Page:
Tuesday, May 17, 2011

You Will Meet a Tall Dark Stranger

You Will Meet a Tall Dark Stranger (comedy, romance)
Directed by Woody Allen
Starring Anthony Hopkins, Naomi Watts, Josh Brolin, Gemma Jones and Freida Pinto

Sony Pictures | 2010 | 98 min | Rated R | Released Feb 15, 2011

Video codec: MPEG-4 AVC
Video resolution: 1080p
Aspect ratio: 1.78:1

English, French: DTS-HD Master Audio 3.0

English, English SDH, French

Single 25GB Blu-ray Disc

The Film 4/5

When you watch a Woody Allen film, you can expect several things: There will almost certainly be a narrator, the story will be dialogue-driven, the cast will be fantastic and there will be a few insights about human nature. He'll probably make you laugh too. There’s an honesty about his writing that’s often lacking in similar films.

You Will Meet a Tall Dark Stranger is about an old married couple, a younger married couple and a few single people who are woven into the mix. They all live in London, England. The older couple is Helena (Jones) and Alfie (Hopkins) and they are separated. Helena reacts by trying to commit suicide and Alfie by proposing to Charmaine; a woman half his age.

Their daughter, Sally (Watts), has a relationship with both parents and is married to Roy (Brolin). Sally and Roy have become bored with each other and are starting to notice other people. Sally has a crush on her boss, Greg (Antonio Banderas), while Roy has his eye on an attractive neighbor, Dia (Pinto).

Helena regularly visits a psychic who assures her that her life is about to get better. She will find a new love and be happy. Sally plays along to keep her mother happy and hopeful.

We learn that Alfie’s wife-to-be is called Charmaine and he lies about how they met. She was actually a call girl. Her motivation seems to be to take Alfie for all the money he has. Roy meets Dia for lunch and continues to pursue her even when he learns that she’s engaged. Sally doesn’t notice Roy’s behavior because she’s too busy spending time with Greg.

Roy’s other motivation in life is finding a publisher for his latest book. His first was a success, but he’s having trouble selling his fourth. When tragedy strikes some of his friends, Roy’s true nature becomes clear.

The four principal characters are all flawed. They lie routinely to protect their fragile relationships and we rarely see a true exchange between them. When we do, the outcome is usually damaging to their relationships.

Each character has hopes and dreams and is willing to make big changes in order to fulfill them. All four suffer setbacks when their lies and unethical behavior catches up with them. These are not bad people; they are just tired with their boring existence. It’s human nature to reach for something better, but it’s not always easy to do so without hurting people you are supposed to love.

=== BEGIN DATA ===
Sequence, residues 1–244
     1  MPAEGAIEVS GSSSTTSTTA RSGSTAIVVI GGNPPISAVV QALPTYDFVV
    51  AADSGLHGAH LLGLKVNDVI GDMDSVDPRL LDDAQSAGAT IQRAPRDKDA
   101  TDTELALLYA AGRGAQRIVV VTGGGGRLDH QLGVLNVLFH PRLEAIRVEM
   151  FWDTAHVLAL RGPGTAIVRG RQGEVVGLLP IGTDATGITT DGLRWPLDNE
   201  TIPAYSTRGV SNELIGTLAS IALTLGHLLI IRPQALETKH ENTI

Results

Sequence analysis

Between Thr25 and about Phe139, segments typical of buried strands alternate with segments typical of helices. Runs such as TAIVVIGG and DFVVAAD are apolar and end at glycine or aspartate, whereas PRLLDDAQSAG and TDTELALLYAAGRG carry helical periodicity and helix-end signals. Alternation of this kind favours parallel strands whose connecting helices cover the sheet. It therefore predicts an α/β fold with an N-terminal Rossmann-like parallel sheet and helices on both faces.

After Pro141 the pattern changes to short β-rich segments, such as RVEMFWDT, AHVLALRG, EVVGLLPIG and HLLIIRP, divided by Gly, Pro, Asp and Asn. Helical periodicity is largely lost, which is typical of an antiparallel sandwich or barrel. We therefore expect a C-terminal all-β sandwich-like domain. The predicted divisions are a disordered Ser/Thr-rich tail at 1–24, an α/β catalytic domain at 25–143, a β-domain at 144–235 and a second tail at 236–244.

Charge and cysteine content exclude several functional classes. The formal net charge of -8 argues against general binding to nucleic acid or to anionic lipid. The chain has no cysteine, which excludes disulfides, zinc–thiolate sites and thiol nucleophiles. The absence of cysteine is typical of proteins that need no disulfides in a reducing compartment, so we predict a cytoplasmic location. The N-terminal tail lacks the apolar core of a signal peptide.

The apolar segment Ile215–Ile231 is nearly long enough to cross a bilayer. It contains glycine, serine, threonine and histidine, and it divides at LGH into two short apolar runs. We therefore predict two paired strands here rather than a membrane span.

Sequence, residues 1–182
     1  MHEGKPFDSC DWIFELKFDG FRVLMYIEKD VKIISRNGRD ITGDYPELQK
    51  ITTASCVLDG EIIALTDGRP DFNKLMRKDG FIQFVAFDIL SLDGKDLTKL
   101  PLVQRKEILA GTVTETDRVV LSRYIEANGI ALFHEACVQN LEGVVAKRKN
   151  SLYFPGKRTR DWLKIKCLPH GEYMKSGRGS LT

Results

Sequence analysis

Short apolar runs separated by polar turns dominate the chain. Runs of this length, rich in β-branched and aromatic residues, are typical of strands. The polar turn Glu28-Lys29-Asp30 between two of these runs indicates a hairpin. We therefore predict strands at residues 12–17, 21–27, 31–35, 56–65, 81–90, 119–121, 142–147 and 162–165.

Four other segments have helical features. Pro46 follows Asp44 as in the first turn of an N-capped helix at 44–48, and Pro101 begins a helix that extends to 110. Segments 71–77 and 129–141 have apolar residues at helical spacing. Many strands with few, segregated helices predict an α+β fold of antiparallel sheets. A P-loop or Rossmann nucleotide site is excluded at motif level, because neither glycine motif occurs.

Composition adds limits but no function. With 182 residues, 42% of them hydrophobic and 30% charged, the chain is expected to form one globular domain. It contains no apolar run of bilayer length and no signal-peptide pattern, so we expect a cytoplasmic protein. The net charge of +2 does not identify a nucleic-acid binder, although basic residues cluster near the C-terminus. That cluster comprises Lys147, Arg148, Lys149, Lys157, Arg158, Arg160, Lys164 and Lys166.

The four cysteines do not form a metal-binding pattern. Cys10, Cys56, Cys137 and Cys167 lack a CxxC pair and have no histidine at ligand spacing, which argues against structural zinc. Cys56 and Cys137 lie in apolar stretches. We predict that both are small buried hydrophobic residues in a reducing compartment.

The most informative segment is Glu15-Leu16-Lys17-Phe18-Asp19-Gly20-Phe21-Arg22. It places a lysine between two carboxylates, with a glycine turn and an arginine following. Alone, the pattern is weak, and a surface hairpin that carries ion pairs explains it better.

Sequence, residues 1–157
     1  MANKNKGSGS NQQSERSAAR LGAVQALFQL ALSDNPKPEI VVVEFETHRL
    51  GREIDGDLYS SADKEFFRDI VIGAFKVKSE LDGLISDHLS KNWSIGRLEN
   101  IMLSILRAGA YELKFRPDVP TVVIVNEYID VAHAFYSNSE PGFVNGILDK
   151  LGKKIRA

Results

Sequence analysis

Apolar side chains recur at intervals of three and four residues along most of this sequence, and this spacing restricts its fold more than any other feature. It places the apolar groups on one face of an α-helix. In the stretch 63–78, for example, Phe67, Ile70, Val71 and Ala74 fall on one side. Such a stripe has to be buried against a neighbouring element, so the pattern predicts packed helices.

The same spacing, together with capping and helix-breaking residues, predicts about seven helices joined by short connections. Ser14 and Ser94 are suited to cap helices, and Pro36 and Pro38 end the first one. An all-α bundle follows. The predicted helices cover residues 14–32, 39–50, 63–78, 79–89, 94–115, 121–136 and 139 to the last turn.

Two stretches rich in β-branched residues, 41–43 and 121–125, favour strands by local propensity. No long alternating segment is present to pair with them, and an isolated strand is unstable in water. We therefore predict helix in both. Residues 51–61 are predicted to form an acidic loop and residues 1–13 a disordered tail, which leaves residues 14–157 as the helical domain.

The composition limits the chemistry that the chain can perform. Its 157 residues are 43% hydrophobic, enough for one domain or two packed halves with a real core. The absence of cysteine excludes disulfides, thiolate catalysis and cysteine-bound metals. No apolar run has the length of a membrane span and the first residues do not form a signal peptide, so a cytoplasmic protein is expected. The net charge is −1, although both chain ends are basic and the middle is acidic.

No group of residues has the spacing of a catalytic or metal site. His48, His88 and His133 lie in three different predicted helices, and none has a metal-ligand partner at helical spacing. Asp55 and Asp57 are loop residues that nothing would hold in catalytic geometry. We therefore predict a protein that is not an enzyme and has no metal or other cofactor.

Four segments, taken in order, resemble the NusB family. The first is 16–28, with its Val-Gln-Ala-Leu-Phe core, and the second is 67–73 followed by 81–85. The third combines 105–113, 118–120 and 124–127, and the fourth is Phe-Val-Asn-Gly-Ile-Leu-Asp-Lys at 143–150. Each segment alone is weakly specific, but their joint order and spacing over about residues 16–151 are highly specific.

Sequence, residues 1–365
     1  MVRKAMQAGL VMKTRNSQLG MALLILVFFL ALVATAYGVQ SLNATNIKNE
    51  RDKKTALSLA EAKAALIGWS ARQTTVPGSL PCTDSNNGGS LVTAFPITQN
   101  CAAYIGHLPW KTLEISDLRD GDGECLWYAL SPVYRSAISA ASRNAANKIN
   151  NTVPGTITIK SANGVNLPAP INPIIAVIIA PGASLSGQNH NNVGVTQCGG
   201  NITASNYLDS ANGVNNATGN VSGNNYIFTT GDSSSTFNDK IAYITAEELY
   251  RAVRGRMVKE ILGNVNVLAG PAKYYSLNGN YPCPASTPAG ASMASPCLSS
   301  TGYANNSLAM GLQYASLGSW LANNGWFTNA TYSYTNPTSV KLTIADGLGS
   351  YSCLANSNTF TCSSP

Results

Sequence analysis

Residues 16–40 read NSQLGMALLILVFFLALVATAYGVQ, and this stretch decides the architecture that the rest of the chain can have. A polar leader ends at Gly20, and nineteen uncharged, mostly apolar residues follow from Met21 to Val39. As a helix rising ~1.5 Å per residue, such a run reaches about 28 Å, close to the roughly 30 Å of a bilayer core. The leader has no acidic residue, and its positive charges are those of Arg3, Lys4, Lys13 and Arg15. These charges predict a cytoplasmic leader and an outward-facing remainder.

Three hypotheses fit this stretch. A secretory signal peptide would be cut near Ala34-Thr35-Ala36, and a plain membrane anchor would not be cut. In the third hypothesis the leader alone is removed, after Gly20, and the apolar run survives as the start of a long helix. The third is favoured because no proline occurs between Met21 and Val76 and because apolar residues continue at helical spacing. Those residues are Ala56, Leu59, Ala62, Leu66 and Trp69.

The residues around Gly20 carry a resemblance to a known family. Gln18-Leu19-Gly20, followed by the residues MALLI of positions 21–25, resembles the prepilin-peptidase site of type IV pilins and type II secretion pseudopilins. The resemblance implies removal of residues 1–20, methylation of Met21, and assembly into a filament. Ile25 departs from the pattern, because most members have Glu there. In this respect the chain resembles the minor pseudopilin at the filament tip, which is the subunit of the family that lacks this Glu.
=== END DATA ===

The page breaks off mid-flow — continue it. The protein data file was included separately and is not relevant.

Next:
Allen is a master at exposing the weaknesses in people. He realizes that we all have them to some degree. His actors all do the material justice and I would expect nothing less from such a talented group.

The stories and subplots held my attention throughout. I found myself wanting to see what happened to these well-defined characters. There are a few twists and turns and Allen doesn’t tell us what happens to every character. He doesn’t need to. This is a fascinating snapshot of people’s lives and it’s entertaining as it is.

As our narrator tells us at the end, “sometimes the illusions work better than the medicine.”

How many people are doing exactly that in their lives? It’s often easier to fool yourself rather than face up to the truth.

Video Quality 4/5
The Blu-ray presentation of the film isn’t something you would choose to show off your home theater, but it looks decent enough. Detail is moderate, but the images are clean and natural-looking. I have seen similar settings in London and felt completely at home.

Audio Quality 3.5/5
It’s rare for a film to feature a DTS-HD Master Audio 3.0 mix, but it works. Sort of. Allen’s films tend to focus on dialogue and this track presents it clearly. Where it misses the mark is in scenes featuring background noise. The rear speakers won’t enhance the sound of heavy rain or traffic in the way that you would expect. That doesn’t detract from the experience too much because of the nature of the film.

Special Features 0/5
Aside from a trailer and a few promos, there’s nothing included apart from the film itself.

Would I recommend the film? If, like me, you enjoy Woody Allen’s films, this is well worth seeing. Its structure is similar to other Allen films or something like Mike Nichols’ Closer (which is superior). Casual viewers might be disappointed as the film deals with the subtleties of human nature. It’s interesting rather than thrilling.

Overall score 4/5 for Allen fans, 3/5 for those unfamiliar with his work.

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